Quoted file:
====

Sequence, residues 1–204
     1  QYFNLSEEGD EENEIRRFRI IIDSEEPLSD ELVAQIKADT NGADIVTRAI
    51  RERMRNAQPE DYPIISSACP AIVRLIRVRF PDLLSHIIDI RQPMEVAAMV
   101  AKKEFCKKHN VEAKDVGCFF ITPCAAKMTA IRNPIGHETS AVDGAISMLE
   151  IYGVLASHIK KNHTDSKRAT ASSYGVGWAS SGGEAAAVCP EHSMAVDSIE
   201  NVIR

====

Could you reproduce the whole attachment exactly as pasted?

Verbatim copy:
Sequence, residues 1–204
     1  QYFNLSEEGD EENEIRRFRI IIDSEEPLSD ELVAQIKADT NGADIVTRAI
    51  RERMRNAQPE DYPIISSACP AIVRLIRVRF PDLLSHIIDI RQPMEVAAMV
   101  AKKEFCKKHN VEAKDVGCFF ITPCAAKMTA IRNPIGHETS AVDGAISMLE
   151  IYGVLASHIK KNHTDSKRAT ASSYGVGWAS SGGEAAAVCP EHSMAVDSIE
   201  NVIR